Research by Bupa Global shows that the pandemic has negatively impacted women’s mental health, now is the time to tackle the issues raised.
World Mental Health Day 2020 (10.10.20) demonstrated that public awareness of good mental health is growing, as is the moral, societal and business case for improving it. Yet despite this impetus, there are still numerous challenges in addressing issues head on.
Mental health concerns don’t discriminate by wealth. High-net-worth individuals are just as likely to suffer from addiction or mental health issues as anyone else, but many may seek help less often for fear of losing important roles or because of a lack of support and guidance.
And there are some conditions that affect more women than men. For instance, depression is twice as common in women. Add to this increased pressure for women at work, as they battle gender imbalances in pay and status, it’s no surprise that the mental health burden on women executives is particularly high.
So how do we tackle these issues, and ensure that women are able to deal with the pressures of executive life and the mental health strains it can bring?
For some, COVID-19 represents a mental health tipping point, bringing to light issues that might have otherwise remained under wraps. According to Bupa Global’s Executive Wellbeing Index 60 per cent of high-net-worth women in the UK say the pandemic has negatively impacted their mental health.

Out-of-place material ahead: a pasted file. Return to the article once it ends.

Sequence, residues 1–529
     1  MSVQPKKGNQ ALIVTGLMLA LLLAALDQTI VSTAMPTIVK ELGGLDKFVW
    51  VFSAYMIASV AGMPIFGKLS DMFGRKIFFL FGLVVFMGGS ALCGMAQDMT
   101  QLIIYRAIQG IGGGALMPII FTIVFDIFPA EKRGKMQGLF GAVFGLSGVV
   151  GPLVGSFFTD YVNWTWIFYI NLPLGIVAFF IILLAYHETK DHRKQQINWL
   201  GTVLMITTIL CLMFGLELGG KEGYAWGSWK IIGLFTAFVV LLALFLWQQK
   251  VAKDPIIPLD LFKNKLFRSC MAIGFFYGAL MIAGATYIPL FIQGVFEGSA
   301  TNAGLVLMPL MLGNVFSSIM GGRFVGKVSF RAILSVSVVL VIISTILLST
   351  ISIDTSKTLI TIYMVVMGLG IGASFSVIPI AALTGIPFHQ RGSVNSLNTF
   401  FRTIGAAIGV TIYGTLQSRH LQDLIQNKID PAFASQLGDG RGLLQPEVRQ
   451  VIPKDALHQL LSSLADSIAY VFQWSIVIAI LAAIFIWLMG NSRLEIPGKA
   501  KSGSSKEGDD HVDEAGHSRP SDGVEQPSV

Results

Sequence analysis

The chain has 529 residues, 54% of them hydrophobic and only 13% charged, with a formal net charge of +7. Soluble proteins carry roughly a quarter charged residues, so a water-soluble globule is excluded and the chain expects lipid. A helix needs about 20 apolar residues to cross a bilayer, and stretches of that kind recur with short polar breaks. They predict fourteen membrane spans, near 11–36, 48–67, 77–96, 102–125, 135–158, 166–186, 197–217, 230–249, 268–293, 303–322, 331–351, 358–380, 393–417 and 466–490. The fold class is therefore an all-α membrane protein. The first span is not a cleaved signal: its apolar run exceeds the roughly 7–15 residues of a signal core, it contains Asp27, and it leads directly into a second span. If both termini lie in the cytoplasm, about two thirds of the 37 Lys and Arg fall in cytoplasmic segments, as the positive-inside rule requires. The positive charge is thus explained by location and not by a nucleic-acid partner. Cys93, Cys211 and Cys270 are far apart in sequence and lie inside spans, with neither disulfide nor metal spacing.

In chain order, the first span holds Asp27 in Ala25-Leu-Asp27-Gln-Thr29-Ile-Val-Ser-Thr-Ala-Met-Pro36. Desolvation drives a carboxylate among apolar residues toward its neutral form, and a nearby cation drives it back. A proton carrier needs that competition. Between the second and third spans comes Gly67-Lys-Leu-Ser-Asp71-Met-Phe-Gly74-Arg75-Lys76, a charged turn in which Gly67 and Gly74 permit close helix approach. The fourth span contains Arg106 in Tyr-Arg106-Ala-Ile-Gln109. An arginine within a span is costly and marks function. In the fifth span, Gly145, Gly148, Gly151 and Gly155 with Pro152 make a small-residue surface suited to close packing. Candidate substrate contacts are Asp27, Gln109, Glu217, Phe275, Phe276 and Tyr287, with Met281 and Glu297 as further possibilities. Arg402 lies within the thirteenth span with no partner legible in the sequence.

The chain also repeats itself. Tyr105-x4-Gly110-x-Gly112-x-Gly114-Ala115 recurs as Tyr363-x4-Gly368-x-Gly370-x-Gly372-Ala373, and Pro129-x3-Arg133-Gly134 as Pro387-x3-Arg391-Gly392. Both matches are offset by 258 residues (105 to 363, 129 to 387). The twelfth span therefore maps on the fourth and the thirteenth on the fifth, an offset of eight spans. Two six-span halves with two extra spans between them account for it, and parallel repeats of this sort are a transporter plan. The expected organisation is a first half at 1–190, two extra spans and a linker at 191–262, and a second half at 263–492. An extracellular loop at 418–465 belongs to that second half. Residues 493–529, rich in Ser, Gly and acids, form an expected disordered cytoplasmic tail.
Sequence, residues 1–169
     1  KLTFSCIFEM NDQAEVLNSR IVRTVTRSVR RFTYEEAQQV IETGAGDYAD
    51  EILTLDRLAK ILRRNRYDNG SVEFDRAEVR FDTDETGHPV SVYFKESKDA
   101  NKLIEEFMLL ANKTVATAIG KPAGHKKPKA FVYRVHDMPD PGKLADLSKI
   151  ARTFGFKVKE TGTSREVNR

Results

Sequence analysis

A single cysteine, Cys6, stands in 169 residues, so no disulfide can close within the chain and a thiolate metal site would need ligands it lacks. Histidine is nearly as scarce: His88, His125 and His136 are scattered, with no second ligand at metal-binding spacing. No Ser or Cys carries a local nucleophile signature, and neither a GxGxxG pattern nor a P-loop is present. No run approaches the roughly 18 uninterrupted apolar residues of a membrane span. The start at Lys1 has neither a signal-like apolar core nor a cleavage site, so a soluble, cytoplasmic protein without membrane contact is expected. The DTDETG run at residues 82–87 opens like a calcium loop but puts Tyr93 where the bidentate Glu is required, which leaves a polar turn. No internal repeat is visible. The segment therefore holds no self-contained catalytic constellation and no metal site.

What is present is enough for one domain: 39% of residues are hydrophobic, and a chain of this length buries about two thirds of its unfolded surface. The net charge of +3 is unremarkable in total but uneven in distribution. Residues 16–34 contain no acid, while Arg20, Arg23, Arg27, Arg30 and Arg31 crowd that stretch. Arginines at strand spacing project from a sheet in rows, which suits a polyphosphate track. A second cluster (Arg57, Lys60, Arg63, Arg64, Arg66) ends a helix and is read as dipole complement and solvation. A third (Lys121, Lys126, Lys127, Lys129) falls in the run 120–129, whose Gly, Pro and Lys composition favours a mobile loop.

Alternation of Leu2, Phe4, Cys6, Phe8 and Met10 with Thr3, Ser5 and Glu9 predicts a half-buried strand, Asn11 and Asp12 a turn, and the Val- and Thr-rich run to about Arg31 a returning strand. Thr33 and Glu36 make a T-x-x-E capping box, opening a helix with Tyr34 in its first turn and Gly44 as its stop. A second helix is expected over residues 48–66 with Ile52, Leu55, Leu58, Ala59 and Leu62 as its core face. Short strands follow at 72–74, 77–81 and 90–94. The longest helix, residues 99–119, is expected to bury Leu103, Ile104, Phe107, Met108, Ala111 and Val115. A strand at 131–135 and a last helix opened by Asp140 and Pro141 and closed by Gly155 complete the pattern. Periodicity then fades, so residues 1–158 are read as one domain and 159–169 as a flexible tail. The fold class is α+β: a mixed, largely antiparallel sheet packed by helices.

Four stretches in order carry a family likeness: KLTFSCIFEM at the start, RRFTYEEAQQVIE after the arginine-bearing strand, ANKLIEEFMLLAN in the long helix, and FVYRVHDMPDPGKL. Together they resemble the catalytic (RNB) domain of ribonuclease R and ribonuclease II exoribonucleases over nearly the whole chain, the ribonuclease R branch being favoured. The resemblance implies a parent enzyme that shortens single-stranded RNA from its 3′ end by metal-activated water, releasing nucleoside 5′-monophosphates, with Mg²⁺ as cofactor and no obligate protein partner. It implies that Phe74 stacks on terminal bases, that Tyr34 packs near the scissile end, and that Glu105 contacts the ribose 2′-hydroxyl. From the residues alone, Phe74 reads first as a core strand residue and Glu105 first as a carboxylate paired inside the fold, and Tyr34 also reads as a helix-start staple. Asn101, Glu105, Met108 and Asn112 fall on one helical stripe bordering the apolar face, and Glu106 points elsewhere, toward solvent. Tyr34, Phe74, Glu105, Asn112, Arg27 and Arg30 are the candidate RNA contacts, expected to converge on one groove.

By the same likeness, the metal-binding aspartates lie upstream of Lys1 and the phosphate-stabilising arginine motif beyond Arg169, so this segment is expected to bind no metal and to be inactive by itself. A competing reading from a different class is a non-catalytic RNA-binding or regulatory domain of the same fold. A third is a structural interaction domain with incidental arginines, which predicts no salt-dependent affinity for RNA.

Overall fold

With more awareness of the problem comes more awareness of potential solutions, and one of these is early intervention. Dr Pablo Vandenabeele, Bupa Global’s Clinical Director for mental health advises that seeking help as early as possible is crucial to improving outcomes.
He says: “Our research shows that 40 per cent of high-net-worth women have delayed seeking help. Of course, it’s understandable that COVID-19 has taken precedence for many, but women mustn’t ignore their mental health concerns at this particularly difficult time.”
Another route is addressing the taboos around mental ill-health, where people fail to talk about their issues for fear of being stigmatized or judged. However, events like World Mental Health Day encourage openness and provides a reminder to anyone worried about their mental health, or that of a loved one, to seek help.
Bupa Global recognises that mental health is just as important as physical health. This is why Bupa Global’s cover provides holistic health management for you and your family, including comprehensive mental health support.
To find out how a Bupa Global health plan puts you in control of your health, search bupaglobal.com/withyou or call 0333 920 3062.
 World Health Organisation Gender Disparities in Mental Health report (2017)
 Bupa Global Executive Wellbeing Index (September 2020). Research conducted among 450 high net worth individuals and senior executives across UK, France, USA, UAE and Egypt.
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